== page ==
No, what makes the Surface Pro 4 special is the fact that it is to Windows 10 what the Nexus is to Android. It is the gold standard in the eyes of many for Windows machines, because hey, Microsoft made it for the OS, keeping its requirements in mind. So the whole idea of spending five days with it is not to find out if it can step in for a regular notebook – hell, it IS a notebook – but to see how differently it performs from other notebooks that boast similar or better specs. To see if it carries a halo in the Windows crowd just as the Nexus does in Android folk – that of being the ‘pure’ one?


Let us get one thing straight, however – nothing had prepared us for just how amazingly compact the Surface Pro 4 was going to be. Even with the keyboard cover on it, it just seemed like a slightly large notebook (of the paper type!), and surprisingly lightweight (as a tablet, it is slightly heavier than the iPad Pro, while with a keyboard, slightly lighter – oh we know the irony!). No, it is not exactly as sleek and good looking in tablet form as the iPad Pro is – it has a more boxy look than Apple’s curvaceous large tablet, but that kickstand will make people look at it. And yes, we do need to add a word or two about the keyboard – it makes the one on the iPad Pro look almost obese. It has a proper row of function keys, is backlit (there is a key to adjust backlighting available on the keyboard) and in spite of being extremely slim, actually has plenty of ‘travel’ for each keystroke. One had to get used to the keyboard on the iPad Pro – no such issues here at all.

And setting it up was easy – even the Windows Hello feature that identifies you by your eyes took less than a minute to get going. But yes, we did get a surprise when, while setting up Cortana, the system informed us that “the Microphone array (Realtek High Definition Audio SST) mic used with this PC was not designed for Cortana, so she might not be able to hear you clearly.” Illogical, right? That said, we did set up Cortana and the coming days will reveal how well she works. There was no MS Office or Office 365 bundled with the device we got, so we just logged in using our Office 365 account and well, praise be, everything got running smoothly in no time at all. We also installed Chrome, because no matter how much we love the Edge browser, we have got used to our bookmarks and apps on Chrome. But yes, we will be using Edge more often for our tasks. The Surface Pro 4 does not have LTE connectivity in India, so we will be relying on Wi-Fi in public spaces and off our phones’ hotspots to keep us online.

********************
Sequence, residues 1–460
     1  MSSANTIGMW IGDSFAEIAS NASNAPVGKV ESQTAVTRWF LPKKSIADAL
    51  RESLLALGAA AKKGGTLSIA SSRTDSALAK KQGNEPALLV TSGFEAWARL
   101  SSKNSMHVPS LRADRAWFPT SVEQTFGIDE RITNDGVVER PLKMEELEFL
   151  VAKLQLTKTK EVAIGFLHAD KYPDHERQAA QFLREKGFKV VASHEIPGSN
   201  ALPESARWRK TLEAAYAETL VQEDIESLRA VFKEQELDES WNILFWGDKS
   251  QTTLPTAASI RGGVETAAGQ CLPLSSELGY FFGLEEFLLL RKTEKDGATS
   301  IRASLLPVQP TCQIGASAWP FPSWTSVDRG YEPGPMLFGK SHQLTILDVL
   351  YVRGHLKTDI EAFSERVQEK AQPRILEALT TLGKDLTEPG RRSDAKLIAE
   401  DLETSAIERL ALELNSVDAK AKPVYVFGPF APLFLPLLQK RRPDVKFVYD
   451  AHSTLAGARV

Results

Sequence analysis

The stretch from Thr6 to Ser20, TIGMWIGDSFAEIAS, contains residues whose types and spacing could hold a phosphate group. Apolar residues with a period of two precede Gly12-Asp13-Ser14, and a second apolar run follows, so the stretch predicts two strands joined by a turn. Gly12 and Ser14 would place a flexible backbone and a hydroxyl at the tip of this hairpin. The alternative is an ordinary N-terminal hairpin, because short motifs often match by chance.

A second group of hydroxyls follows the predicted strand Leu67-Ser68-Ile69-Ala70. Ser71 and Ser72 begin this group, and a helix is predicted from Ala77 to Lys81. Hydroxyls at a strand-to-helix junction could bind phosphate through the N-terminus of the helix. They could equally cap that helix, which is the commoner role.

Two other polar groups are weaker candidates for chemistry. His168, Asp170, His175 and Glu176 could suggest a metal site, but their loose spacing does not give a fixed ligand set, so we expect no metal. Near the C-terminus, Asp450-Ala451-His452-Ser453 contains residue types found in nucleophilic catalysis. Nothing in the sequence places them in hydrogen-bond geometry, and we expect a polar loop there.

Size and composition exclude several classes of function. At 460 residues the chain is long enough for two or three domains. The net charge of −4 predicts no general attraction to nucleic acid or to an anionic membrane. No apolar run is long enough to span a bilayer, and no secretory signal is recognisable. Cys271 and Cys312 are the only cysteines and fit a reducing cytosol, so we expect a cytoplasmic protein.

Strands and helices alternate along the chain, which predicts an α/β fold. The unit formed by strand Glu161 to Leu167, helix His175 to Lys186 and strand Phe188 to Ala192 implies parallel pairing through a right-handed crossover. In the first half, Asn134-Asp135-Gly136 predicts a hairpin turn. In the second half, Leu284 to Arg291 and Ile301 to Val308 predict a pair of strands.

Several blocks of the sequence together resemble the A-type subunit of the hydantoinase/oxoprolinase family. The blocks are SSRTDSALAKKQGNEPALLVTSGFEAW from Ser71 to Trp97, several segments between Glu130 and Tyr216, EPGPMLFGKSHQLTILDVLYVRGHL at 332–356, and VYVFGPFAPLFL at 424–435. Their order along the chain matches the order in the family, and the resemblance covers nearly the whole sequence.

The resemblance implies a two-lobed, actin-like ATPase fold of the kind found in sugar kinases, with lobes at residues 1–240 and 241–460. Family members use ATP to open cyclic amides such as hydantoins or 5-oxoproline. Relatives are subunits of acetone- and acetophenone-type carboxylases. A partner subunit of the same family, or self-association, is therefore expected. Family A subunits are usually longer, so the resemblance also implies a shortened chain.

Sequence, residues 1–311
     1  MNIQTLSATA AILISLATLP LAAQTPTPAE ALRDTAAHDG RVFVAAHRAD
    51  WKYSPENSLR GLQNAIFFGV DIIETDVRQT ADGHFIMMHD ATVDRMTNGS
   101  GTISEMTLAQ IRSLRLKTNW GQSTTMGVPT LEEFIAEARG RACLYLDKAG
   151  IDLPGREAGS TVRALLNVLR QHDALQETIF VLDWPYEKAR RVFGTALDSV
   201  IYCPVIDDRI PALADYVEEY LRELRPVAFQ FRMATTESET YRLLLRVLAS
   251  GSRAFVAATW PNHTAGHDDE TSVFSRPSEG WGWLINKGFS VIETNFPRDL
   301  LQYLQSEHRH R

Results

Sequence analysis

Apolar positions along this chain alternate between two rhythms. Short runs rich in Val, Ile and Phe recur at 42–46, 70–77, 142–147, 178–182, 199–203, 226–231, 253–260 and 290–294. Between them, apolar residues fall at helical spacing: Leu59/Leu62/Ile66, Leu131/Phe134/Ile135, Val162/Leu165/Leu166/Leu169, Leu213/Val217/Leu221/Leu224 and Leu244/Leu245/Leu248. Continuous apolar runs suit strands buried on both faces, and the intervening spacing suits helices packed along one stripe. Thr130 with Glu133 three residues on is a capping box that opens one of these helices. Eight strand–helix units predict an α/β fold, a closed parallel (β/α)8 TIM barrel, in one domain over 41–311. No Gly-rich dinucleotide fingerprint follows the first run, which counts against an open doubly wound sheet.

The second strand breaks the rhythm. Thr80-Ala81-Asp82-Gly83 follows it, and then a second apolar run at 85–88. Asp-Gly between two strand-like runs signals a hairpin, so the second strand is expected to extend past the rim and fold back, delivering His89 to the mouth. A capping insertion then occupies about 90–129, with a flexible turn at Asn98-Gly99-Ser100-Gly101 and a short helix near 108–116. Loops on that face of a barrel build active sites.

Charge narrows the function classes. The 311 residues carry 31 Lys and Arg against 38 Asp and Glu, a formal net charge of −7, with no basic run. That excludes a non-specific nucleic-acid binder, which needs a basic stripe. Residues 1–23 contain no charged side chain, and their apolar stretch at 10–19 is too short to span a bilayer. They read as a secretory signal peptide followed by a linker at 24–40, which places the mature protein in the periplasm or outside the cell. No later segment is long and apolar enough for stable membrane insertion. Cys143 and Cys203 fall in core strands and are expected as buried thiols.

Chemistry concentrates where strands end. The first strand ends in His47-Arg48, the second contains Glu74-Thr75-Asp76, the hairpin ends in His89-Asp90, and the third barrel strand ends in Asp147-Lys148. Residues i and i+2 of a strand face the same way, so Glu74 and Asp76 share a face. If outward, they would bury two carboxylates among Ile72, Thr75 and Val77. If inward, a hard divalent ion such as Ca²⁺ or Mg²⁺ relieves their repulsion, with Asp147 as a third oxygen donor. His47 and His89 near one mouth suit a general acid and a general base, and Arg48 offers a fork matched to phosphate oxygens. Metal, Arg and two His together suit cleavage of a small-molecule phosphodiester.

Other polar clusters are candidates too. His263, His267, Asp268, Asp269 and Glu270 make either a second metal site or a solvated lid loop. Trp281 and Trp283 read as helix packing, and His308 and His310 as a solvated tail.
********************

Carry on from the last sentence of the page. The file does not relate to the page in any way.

So we have the Surface Pro 4, we have a smart type keyboard and the Surface Pen all set up and ready. And day one has been relatively quiet with a lot of browsing and a bit of writing, thanks to a couple of events. Battery life seems impressive (about four hours of usage and we still have about 60 per cent left), but what we really love is the keyboard, which is fantastic for fast typing, and the brilliant display. And yes, we have had people asking us if the notebook we were using was the Surface (we preened and replied in the affirmative). Interestingly, however, we have NOT ONCE thought of using the device without the keyboard. Not on day one.

But hey, it is early days. Stay tuned for more.

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Associate Editor

Nimish Dubey has been writing for more than a decade now (well, Windows 3.1 was around and Apple was on the verge of being finished when he started). He has been published in a number of publications including The Times of India, Mint, The Economic Times, Mid-Day and Femina on subjects that vary from tech write -ups to book reviews to music album round ups. He managed to interview Michael Schumacher once and write two books for young adults along the way.